Classic Film Review: An Oscar winner re-visited, “My Left Foot” (1989)

I had to return to Daniel Day Lewis‘ Oscar acceptance speech from the spring of 1990 — God Bless Youtube — to make sure I was remembering it right, that he saluted the Academy for “providing me with the makings of one helluva weekend in Dublin” followed by a tribute to the young actor who played the even-younger Christy Brown in the early scenes of “My Left Foot.”

That Day Lewis, the oft-nominated, three-time Oscar winner who is basically the Brando, DeNiro and Streep of his generation of actors, could transform himself into the memoirist, poet, painter and novelist Christy Brown — born with cerebral palsy — seems like a given today. He’s simply the very best at what he did before he retired and gave the rest of the Screen Actor’s Guild a chance.

But watching the film anew, I was stunned at how good young Hugh O’Conor, a mere boy of 13 charged with managing the same transformation as Day Lewis, was and is in the film. He’d played a troubled epileptic child whom a young priest (Liam Neeson) takes an encouraging interest in for 1985’s “Lamb.” So he had to be the most qualified actor in Dublin for those early scenes. Still, he’s astonishing in a physically demanding role, managing the spasms, the “I have no mouth and I must scream” despair of an unspeaking, unable-to-write child whom everybody in 1930s and early ’40s Dublin assumed was “an idiot,” thanks to his birth defect.

Day Lewis is amazing in the film. Hugh O’Conor breaks your heart.

What drew me back to this Oscar-winner was this awards’ season, and the presence of yet another performance that might get dismissed, as some wags are wont to do, as a “stunt.”

Think of Ray Milland’s convincing drunk in “The Lost Weekend,” Joanne Woodward’s multiple personality disorder turn in “The Three Faces of Eve,” Jon Voight’s paraplegic performance in “Coming Home” or Dustin Hoffman’s autistic savant “Rain Man” and you see evidence of actors in the Motion Picture Academy of Arts and Sciences recognizing excellence, degree of difficulty and showmanship in a performance.

Day Lewis edged out fellow nominee Tom Cruise’s best shot at an Oscar for his paralyzed Vietnam vet turned anti-war protester in “Born on the Fourth of July” back in 1990.

So Brendan Fraser, putting on pounds, donning a fat suit and and assuming the role of “The Whale” is part of a long Hollywood tradition, with an Oscar nomination instantly part of the conversation.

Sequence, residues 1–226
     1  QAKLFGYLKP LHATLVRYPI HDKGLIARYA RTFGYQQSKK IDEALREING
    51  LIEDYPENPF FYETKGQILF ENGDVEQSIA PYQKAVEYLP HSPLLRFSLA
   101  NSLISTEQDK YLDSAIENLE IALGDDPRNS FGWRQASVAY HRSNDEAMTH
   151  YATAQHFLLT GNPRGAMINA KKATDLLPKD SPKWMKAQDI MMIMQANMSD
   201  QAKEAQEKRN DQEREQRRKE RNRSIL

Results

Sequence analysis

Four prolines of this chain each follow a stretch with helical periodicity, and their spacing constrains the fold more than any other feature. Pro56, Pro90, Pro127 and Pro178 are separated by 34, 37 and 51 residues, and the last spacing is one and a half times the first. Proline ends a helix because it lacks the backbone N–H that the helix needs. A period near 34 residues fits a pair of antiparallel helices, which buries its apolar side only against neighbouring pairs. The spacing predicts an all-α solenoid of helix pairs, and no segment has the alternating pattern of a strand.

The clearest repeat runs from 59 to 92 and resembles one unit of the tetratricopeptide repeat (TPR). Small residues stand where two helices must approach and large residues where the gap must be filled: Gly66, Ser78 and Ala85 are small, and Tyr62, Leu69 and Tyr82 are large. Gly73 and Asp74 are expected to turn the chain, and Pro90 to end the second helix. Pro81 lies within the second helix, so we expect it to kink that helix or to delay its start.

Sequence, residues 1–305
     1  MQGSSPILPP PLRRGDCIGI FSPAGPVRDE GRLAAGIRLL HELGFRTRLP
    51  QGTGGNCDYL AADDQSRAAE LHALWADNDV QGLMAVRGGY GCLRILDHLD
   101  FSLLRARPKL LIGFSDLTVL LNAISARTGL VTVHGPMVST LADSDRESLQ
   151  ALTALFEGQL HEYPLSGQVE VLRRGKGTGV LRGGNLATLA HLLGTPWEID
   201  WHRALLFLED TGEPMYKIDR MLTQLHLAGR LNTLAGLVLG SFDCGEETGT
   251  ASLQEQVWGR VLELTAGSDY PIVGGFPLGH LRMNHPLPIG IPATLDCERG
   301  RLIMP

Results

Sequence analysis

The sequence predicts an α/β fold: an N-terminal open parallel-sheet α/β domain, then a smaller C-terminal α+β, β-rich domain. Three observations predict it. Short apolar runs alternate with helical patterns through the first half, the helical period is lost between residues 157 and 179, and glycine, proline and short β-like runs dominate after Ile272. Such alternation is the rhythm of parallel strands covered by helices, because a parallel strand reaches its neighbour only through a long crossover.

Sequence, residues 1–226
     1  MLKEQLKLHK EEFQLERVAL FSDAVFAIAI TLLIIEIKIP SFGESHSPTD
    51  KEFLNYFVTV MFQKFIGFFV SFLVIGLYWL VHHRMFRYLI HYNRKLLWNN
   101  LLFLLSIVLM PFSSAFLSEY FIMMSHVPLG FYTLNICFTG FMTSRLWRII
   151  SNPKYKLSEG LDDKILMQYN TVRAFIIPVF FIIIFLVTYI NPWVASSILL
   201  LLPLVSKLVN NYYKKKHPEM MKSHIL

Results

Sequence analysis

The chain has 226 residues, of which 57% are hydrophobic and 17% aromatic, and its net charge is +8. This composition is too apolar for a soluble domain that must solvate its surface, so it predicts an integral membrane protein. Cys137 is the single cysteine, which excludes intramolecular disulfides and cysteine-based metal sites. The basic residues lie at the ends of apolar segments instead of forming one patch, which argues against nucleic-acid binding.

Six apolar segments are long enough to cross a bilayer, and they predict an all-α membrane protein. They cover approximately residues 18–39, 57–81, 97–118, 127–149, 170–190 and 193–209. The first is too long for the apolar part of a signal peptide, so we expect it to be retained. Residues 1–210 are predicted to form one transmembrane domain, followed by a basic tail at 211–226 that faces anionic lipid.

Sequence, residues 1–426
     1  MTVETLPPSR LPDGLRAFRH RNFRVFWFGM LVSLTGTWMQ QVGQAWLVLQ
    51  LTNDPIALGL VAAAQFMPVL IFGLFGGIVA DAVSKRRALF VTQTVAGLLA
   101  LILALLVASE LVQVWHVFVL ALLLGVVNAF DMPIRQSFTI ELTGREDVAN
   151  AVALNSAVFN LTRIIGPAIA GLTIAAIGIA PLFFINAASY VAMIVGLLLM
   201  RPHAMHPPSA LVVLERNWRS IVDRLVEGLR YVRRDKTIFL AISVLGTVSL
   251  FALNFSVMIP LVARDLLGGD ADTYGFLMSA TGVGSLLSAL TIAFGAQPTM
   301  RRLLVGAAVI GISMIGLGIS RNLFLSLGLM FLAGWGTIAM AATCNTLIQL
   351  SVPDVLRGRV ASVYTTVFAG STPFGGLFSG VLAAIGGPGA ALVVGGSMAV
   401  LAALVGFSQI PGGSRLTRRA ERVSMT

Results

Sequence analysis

But what Day Lewis and the other examples cited above managed to do, something Fraser pulled off as well, I think, is transcending the “disabled struggle” story trope to create a fully-formed, emotionally-flawed and complicated character.

With Christy Brown having passed just a few years before this film, based on his memoir, and some of the people involved in his life still around, “My Left Foot” still paints a complex and sometimes unflattering portrait of a man whose every day was an epic struggle, and who did not suffer this misery in silence.

We see a Brown who self-medicates and is an abusive drunk, a needy and demanding man who did not suffer anyone — fools, the well-to-do, fellow artists or the women who came into his life — easily or gladly.

Whatever “weekend” Day Lewis experienced in the pubs of Dublin, it’s hard to imagine having much fun with a brilliant, cutting and never-quite-self-pitying Brown, should you find him your drinking mate for the evening.

The movie tracks Brown from childhood, recreating that “Eureka” moment when his large, distracted and working poor family realized that his one controllable foot and its dexterous toes could write (seen above), and into adolescence and his celebrated adulthood as a man or art and letters.

Brenda Fricker collected an Oscar playing Brown’s sainted mother. Ray McAnally is his loving but dismissive-at-first hard-drinking Da’ and Fiona Shaw deftly plays a composite character, a doctor who recognizes Christy’s “poet’s soul” and the artist trapped in that barely-functioning body, and becomes Brown’s first serious romantic interest.

If anything, “My Left Foot” went a little light on the miseries of Brown’s 49 years on Earth, which is to be expected.

But Daniel Day Lewis, Hugh O’Conor and director Jim Sheridan made damned sure that whatever Hollywood thought, whatever “rewarding a stunt performance ” rationale might enter in filmdom’s collective mind about this bit of work, their combined efforts would be never less than a wholly realized human being.

This Christy would have good days and bad days, show off his love, devotion and charm, and his prickly side when he was in his cups.

It’s a performance and a film that I have to say still holds up. That makes “My Left Foot” well worth tracking down this Oscar season, and any Oscar season where you hear a whiff of “stunt” blowback against a demanding, wholly-committed performance like this one and every single other one I’ve mentioned in this appreciation, including Brendan Fraser’s.

Rating: R, violence, nudity, alcohol abuse, profanity

Cast: Daniel Day Lewis, Brenda Fricker, Ray McAnally, Fiona Shaw, Adrian Dunbar, Cyril Cusack and Hugh O’Conor.

Credits: Directed by Jim Sheridan, scripted by Shane Connaughton and Jim Sheridan, based on the memoir by Christy Brown. A Miramax release on Amazon, Tubi, PosiTV, etc.

Running time: 1:43

About Roger Moore

Movie Critic, formerly with McClatchy-Tribune News Service, Orlando Sentinel, published in Spin Magazine, The World and now published here, Orlando Magazine, Autoweek Magazine
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